Science and the Artist's Book

An exhibition by the Smithsonian Institution Libraries and the Washington Project for the Arts


Herald of Science

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William Gilbert
De Magnete, Magneticisque Corporibus, et de Magno Magnete Tellure; Physiologia Nova [Concerning the magnet, magnetic bodies, and the Earth as a great magnet; a new science]
London, 1600

    William Gilbert, physician to Queen Elizabeth I, wrote Concerning the Magnet to examine the legends and scientific facts associated with magnets, lodestones, amber, and other materials that possess natural powers to attract or repel. He described the Earth itself as a giant lodestone possessing magnetic properties. Gilbert's book also provides the first published description of electricity, which Gilbert believed to be a type of magnetic response.

Artist's Book

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Philip Zimmermann
Barrytown, New York: Space Heater Editions, 1995
[inkjet printing, paper, museum board]

    We now understand that magnetism and electricity are physical rather than magical forces. For Philip Zimmermann, this knowledge merely adds to the poetic analogy between these natural phenomena and human behavior. He uses Gilbert's findings as a metaphor for relationships between men and women.

Herald of Science

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Ernst F.F. Chladni
Entdeckungen über die Theorie des Klanges [Discoveries concerning the theory of sound]
Leipzig, 1787

    A lawyer, musician, and amateur scientist, Ernst Chladni of Leipzig, Germany, found a way to make visible the vibrations caused by sound waves. He covered glass, metal, and wooden plates with sand and ran a violin bow against them. The vibrations moved the sand into patterns that are known today as "Chladni's figures." Shown here are 12 engravings of these acoustically produced patterns.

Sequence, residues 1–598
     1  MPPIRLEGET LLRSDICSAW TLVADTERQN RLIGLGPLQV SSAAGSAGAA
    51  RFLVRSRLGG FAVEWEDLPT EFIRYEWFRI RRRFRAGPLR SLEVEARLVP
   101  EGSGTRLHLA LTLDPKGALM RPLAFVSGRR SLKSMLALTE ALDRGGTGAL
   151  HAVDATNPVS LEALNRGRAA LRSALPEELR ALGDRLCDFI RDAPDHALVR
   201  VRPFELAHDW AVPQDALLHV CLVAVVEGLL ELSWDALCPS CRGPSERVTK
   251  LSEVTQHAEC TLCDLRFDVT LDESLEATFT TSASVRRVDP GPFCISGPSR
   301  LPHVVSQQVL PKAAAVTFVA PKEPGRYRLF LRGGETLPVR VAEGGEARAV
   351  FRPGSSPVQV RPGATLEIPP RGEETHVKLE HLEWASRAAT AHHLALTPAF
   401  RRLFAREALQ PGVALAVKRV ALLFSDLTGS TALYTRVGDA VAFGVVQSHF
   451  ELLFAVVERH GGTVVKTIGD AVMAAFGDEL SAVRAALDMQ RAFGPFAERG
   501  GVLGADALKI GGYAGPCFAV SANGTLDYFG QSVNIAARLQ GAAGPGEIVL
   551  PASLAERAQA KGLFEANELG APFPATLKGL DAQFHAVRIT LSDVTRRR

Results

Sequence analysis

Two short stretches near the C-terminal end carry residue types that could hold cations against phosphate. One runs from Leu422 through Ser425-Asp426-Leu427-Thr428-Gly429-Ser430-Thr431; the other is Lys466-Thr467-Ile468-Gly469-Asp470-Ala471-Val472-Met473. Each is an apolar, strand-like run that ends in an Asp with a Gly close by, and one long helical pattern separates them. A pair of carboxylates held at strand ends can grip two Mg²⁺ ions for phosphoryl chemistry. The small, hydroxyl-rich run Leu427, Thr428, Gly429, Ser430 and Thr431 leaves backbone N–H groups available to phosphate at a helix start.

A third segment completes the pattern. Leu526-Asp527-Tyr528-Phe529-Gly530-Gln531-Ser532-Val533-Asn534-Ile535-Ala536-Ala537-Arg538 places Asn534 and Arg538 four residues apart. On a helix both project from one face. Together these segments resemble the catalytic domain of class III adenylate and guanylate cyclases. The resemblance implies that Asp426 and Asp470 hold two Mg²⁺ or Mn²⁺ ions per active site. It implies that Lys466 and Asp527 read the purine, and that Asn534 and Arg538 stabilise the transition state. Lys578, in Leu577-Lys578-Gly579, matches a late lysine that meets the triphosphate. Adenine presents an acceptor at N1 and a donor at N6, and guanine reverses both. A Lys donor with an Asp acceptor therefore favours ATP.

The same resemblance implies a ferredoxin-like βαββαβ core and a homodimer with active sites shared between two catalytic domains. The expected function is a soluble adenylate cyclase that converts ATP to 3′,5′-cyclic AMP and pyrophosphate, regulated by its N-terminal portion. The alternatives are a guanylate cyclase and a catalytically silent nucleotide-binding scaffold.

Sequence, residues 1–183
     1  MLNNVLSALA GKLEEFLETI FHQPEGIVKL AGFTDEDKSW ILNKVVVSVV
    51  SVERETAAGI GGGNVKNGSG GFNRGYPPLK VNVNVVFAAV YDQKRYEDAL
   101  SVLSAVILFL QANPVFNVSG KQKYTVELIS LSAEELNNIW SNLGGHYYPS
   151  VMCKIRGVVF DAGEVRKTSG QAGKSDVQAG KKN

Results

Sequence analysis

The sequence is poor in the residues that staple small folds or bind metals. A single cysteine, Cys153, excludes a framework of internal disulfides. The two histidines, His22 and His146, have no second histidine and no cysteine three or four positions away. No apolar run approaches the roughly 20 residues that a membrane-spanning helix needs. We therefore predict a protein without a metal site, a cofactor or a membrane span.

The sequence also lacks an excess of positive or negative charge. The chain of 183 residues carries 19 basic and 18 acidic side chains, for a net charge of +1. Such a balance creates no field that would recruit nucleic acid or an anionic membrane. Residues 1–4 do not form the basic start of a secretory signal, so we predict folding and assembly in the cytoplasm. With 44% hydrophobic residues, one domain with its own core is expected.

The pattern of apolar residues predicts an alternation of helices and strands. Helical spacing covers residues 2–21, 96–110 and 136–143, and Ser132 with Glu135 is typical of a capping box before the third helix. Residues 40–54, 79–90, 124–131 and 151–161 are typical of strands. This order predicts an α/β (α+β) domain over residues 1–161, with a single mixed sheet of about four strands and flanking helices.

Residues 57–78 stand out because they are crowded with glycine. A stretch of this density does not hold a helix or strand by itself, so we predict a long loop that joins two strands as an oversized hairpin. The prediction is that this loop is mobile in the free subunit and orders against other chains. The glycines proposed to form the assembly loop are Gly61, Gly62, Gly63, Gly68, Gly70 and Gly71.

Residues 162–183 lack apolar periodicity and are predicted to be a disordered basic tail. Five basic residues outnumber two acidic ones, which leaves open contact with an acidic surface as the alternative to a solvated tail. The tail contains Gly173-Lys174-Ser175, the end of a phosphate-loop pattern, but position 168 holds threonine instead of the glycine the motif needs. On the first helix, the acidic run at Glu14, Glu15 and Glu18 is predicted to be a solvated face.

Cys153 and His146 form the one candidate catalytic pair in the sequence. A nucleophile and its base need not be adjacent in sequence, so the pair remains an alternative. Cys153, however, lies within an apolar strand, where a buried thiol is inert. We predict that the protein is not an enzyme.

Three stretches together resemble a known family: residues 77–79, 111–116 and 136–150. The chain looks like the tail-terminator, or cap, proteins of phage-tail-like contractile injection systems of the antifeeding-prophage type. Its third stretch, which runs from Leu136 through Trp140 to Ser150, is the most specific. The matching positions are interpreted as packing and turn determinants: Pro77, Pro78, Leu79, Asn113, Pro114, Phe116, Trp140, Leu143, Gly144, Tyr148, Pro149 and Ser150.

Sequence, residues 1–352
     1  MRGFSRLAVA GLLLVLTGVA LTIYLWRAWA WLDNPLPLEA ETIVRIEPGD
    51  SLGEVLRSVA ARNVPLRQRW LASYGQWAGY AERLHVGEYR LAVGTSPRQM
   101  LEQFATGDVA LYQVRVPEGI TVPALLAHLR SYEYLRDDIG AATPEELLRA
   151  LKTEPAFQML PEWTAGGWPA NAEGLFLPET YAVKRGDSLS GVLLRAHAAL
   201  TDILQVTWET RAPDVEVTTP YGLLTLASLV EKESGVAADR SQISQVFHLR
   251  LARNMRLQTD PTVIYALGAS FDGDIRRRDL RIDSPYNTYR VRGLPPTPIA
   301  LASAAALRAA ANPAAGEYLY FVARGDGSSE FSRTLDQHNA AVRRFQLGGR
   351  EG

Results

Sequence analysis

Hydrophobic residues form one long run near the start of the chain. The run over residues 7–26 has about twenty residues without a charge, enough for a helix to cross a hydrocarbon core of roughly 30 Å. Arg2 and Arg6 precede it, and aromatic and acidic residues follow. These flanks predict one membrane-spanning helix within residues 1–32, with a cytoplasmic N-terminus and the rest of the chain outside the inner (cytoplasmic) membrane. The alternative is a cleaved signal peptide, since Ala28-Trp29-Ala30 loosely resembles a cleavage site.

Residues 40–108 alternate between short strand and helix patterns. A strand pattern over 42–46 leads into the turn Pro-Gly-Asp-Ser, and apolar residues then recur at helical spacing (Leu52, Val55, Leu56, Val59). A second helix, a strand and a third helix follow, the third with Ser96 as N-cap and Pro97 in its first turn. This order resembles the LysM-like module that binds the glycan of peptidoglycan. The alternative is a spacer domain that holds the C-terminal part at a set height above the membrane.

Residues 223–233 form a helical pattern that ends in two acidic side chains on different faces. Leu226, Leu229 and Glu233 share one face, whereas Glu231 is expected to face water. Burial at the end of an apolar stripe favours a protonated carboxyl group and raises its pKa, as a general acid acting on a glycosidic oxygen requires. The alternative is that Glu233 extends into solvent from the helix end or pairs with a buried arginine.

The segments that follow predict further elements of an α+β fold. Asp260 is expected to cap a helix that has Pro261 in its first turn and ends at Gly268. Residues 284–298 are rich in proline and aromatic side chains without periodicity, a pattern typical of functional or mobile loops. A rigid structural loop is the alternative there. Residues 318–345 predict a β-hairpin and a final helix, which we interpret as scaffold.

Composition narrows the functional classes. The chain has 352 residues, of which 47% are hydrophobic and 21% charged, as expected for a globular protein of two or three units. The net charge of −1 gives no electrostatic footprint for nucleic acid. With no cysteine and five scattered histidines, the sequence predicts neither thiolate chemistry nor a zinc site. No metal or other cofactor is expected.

Artist's Book

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Laurie Sieverts Snyder
Sonorous Figures
Baltimore, Maryland, 1994
[silver gelatin photographs, cloth, bone closure]

    Trained as a musician and artist--and the great-granddaughter of a musician-scientist from Leipzig--Laurie Sieverts Snyder was intrigued by the idea of sound creating images. Following Chladni's technique, she produced sound-wave patterns using sand, a violin bow, and metal plates. She photographed the resulting patterns, in some cases superimposing Chladni's original diagrams over her own images.

Herald of Science

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Alessandro Volta
"On the Electricity Excited by the Mere Contact of Conducting Substances of Different Kinds" in Philosophical Transactions of the Royal Society, Vol. 90
London, 1800

    In the 1790s, Alessandro Volta sought to generate a constant electric current by experimenting with stacks of silver and zinc disks separated by bits of dampened cardboard. The result was the invention of the electric pile battery, which Volta first described in the Philosophical Transactions, the leading scientific periodical of its time.

Artist's Book

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M.J. Connors
On the Commotion Contact Perpetuates: A Response to Allessandro Volta
Brooklyn, New York, 1995
[non-silver prints, acrylic, museum board, wood]

    Using words such as "given" and "gained," "set" and "sought" which could describe both molecular and human exchanges, M.J. Connors creates a model for social interactions analogous to the exchange of electrons that occurs within a pile battery.

Herald of Science

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Luigi Galvani
De Viribus Electricitatis in Motu Musculari Commentarius [Commentary on the effects of electricity on muscular motion]
Bologna, Italy, 1791

    Noting that dissected frogs' legs twitched when touched by his scalpel, Luigi Galvani theorized that electrical impulses originated within the frog's body. Alessandro Volta recreated Galvani's experiments and drew a more accurate conclusion: the electricity was generated by the contact of dissimilar metals in a moist environment. Nevertheless, Galvani's theory of "animal electricity" captured the public imagination and continued to be defended until late into the 19th century.

Artist's Book

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JoAnna Poehlmann
The Frog: Electric, Scientific, Literary, Legendary, Historical, Musical, Culinary, and Vanishing....
Milwaukee, Wisconsin, 1994
[watercolor, pen and ink, rubber stamping, laser copies, ribbon, freeze-dried leopard frog]

    Galvani's frog experiments evoke memories of high-school biology class for JoAnna Poehlmann. She combines this memory with countless other allusions to the frog in literature, mythology, and popular culture. Poehlmann bemoans the fate of her amphibious "friend," a taxidermic frog found in an antique shop and now preserved in the last page of her book.

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